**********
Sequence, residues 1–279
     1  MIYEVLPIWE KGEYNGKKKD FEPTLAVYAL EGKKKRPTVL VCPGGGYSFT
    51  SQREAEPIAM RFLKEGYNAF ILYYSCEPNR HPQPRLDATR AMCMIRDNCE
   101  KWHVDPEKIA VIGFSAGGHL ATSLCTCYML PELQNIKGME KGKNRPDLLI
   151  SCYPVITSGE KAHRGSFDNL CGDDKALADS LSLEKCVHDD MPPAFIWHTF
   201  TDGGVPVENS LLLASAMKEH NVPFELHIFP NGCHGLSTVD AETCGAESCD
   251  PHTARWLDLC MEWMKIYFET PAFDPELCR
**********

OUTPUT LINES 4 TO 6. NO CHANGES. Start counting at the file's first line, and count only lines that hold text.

   101  KWHVDPEKIA VIGFSAGGHL ATSLCTCYML PELQNIKGME KGKNRPDLLI
   151  SCYPVITSGE KAHRGSFDNL CGDDKALADS LSLEKCVHDD MPPAFIWHTF
   201  TDGGVPVENS LLLASAMKEH NVPFELHIFP NGCHGLSTVD AETCGAESCD